Bosnia Gets 150 Million-Euro EBRD Loan for Road Upgrade

Bosnia-Herzegovina obtained a 150 million-euro ($198 million) loan from the European Bank for Reconstruction and Development to build a highway that will boost the Balkan nation’s economy.

The 15-year loan will help finance part of the construction of the Banja Luka-Doboj highway in western Bosnia. The European Investment Bank, the financing arm of the European Union, will also take part in funding the project, the London-based EBRD said in an e-mailed statement today.

“Modern infrastructure is imperative for the economic growth and regional integration of Bosnia,” EBRD Transport Director Sue Barrett said in the statement. “Today’s signing in Banja Luka is an important milestone for the development of transport infrastructure in Republika Srpska.”

Bosnia-Herzegovina, the former Yugoslav nation most hurt by the ethnic wars in the 1990s, wants to rebuild its infrastructure to improve transport links with neighboring Croatia, Serbia and Montenegro, and boost its economic output.

The nation is divided into two entities, the Serb-dominated Republika Srpska and Croat-Muslim Federation, with many roads between the two still awaiting repairs and upgrades.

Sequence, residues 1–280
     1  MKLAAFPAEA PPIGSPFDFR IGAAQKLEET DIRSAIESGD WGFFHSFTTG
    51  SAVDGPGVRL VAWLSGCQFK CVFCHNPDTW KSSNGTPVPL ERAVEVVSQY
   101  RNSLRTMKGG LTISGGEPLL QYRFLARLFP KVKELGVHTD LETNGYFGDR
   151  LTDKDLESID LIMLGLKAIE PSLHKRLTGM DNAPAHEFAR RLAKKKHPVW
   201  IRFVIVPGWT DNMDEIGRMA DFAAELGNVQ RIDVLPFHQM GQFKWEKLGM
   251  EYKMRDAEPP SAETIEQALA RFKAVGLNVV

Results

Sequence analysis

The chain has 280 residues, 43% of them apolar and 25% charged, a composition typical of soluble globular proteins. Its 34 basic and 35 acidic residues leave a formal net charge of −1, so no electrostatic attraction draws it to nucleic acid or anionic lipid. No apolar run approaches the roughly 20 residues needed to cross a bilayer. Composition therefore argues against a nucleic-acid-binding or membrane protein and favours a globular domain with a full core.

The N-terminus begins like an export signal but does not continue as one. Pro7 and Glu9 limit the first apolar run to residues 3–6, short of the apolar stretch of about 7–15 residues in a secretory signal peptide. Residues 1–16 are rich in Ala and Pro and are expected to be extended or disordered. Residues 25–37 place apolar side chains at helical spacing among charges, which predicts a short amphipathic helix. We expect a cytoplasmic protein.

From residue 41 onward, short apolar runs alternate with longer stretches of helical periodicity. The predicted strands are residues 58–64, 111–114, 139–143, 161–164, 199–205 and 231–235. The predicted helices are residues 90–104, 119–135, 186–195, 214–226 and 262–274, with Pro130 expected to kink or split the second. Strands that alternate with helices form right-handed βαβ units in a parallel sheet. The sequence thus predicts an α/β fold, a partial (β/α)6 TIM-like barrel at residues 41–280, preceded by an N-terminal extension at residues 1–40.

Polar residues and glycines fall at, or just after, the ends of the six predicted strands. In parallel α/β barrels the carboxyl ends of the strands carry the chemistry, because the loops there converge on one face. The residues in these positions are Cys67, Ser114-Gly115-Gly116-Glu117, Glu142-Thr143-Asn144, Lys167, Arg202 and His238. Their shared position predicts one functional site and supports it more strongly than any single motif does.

The borrower is JP Autoputevi Republike Srpske, the public company in the Serb-dominated part, while the funding is guaranteed by Bosnia-Herzegovina, Ina Coretchi, the spokeswoman for the lender said in an e-mail today.

The EBRD, established to help former communist nations’ transition to a market economy, has committed 1.3 billion euros to Bosnia-Herzegovina since it began operations in the country.

Moody’s Investors Service, which on April 3 lowered the country’s government bond ratings one level to B3, expects the Bosnian economy to slide into a recession again this year on faltering investments from abroad, the debt crisis in Europe and political tensions between the nations.

To contact the reporter on this story: Boris Cerni in Ljubljana at bcerni@bloomberg.net

To contact the editor responsible for this story: James M. Gomez at jagomez@bloomberg.net

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